When it comes to deal-breakers, sometimes you do have to rethink them. Currently, I'm not interested in dating someone younger than I am, whereas before I graduated, I'd barely dated anyone older than me. Now, it's not that I think younger guys are icky; it's that I've graduated, and I'm looking for another "young professional," or a grad student, someone who's in the same boat as I am. And as for older, as I get older, it gets less weird, but if you're 30 ... I don't know, it just feels strange. And if I'm not comfortable, then I'm not going to date you.

Things not to say to me: Online dating mistakes

There's very little for me to do today at work, so whatever, here are some more thoughts on online dating.

1. It's actually not a compliment when you comment on my appearance.

But who doesn't like a compliment? Well, I like compliments, but having a guy tell me I'm cute isn't always one. Do I like being told that I look nice? It depends on the situation. And I can tell you right now that if the situation is that a guy IMs me on the dating site and mentions that he thinks I'm cute, then it's not a compliment.

I'm actually not very insecure about my looks. I find that the pressure to be thin has much more bearing on my life than any other look-based pressure. Is it because I'm pretty, or is it because I'm not that pretty, but I'm also not that insecure? I mean, I have nice hair that's a nice color. I've got nice eyes and I know how to use eyeliner. I've got straight teeth that are white enough considering that I'm not a celebrity. My skin, except for this summer--what the hell?!--is normally very clear. I used to be really insecure about body hair before realizing that I don't care. Weight is only a problem because it's a problem for everyone else, I've found.

So, when someone says I'm pretty or cute, my first thought is, "Yes, I know. Who the fuck cares?" I mean, it's a given that you think I'm moderately attractive because I don't think I've ever messaged a guy that I didn't think was moderately attractive. Once when I was struggling to write a first message to a guy, a friend pointed out that I shouldn't say, "I hope to hear back from you" because, well, of COURSE I hope to hear back from him, or I wouldn't message him in the first place. So, first off, if you tell me that I'm cute, that tells me that you're not that bright; you've just told me something that is already obvious.

Secondly, I hate that I'm supposed to take this as a huge compliment. Since the media is constantly telling women and girls that we're just never good enough, we're supposed to get really excited when a guy says, "You're passing excellently." I just don't see that as a compliment, especially when my body and appearance aren't things that I feel are that important in terms of accomplishments and abilities. Guys who comment on my looks, I've found, are not at all interested in where I went for my B.S., my interests, or my musical abilities. I have to pass if I don't want to endure stigma and harassment; I didn't have to work my ass off to get into a great college, graduate from said college, or become so talented at the flute.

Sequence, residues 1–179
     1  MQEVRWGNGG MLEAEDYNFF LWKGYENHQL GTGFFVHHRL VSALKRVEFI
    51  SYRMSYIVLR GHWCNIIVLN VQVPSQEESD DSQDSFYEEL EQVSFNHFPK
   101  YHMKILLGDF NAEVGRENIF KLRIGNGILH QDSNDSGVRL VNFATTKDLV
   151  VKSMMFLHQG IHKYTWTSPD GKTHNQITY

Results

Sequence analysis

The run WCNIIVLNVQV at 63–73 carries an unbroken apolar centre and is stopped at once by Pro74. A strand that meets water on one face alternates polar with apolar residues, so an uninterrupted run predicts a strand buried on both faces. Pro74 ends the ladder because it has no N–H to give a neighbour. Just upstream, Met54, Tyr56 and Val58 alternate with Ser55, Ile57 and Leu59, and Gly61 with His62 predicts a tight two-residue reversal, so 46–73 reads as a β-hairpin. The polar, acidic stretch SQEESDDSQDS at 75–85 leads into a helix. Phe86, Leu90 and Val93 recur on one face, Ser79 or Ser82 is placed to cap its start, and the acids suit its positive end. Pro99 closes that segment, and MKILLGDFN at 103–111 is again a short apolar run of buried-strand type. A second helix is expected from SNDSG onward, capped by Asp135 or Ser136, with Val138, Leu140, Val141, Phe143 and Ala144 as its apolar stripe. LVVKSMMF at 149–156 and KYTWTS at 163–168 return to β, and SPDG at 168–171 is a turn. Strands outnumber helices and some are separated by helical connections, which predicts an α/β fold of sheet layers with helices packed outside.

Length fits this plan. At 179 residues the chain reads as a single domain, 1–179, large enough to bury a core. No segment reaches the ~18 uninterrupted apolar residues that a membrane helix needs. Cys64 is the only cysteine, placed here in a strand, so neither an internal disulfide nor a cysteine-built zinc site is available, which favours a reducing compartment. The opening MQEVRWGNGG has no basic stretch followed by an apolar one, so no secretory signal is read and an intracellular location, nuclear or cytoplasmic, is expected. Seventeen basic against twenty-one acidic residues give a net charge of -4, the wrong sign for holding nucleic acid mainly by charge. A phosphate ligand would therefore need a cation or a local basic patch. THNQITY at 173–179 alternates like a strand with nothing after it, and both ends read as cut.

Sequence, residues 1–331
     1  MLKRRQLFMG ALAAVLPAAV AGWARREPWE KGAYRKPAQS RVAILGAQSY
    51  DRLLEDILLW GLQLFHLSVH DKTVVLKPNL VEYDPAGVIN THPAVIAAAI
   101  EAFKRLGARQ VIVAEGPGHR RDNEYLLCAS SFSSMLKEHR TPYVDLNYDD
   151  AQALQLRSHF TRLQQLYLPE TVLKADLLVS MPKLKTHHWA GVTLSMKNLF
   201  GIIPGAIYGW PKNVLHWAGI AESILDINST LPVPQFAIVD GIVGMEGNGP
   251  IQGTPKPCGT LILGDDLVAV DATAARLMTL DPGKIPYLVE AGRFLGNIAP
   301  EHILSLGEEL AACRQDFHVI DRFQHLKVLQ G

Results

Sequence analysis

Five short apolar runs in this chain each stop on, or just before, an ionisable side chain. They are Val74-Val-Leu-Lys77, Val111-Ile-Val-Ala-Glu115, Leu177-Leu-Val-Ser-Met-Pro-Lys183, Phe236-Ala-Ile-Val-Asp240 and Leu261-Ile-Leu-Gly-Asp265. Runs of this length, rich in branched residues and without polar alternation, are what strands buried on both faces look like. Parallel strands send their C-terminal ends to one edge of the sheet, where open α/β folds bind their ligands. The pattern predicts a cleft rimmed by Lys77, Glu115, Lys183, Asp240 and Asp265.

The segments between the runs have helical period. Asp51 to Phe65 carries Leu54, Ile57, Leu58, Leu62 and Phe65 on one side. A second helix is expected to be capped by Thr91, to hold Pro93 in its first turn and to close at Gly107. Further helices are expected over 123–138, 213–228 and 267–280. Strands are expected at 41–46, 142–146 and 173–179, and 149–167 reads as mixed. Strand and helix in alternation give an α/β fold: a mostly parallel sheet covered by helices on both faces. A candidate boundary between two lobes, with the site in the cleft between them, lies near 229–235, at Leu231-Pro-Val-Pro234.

Finally, there's male entitlement: I said you were cute, now go out with me. Yeah, no.

2. Giving me your contact information during the first couple conversations/messages, especially when we're not planning to meet up is weird.

This is a bit tricky to explain. I'm not talking about when, after a few messages back and forth, someone says, "By the way, if you ever want to talk on AIM, here is my screenname." I'm talking about when a guy sends me a first message and includes his phone number and screenname. I'm talking about when a guy gives me his info during the first IM conversation. I'm talking about when a guy gives me his phone number and tells me to call him. And I'm especially talking about when a guy does any of these things and either implicitly or explicitly lets me know that he wants me to give out my information. One common way, actually, that guys have tried to get my screenname, is by claiming that they hate using the site's instant messenger. I tell them that the reason I like the site's messenger is so I don't have to give my screenname to someone I don't know!

Why does it bother me? I consider the site a safe place to meet someone, or at least safer than going to a bar or giving someone my personal contact information. If I get to know you, and we're both interested in seeing each other, then sure, let's swap numbers so we can call each other if we're going to be late. But by giving and asking for contact information immediately, you're being presumptuous. You are basically saying to me, "I don't really care if you like me or not because I want to date you and soak up your attention." It also tells me that this guy is going to probably think that if I go out with him, I'm promising more than the date.

3. You do know that I can tell when you've read my profile, right?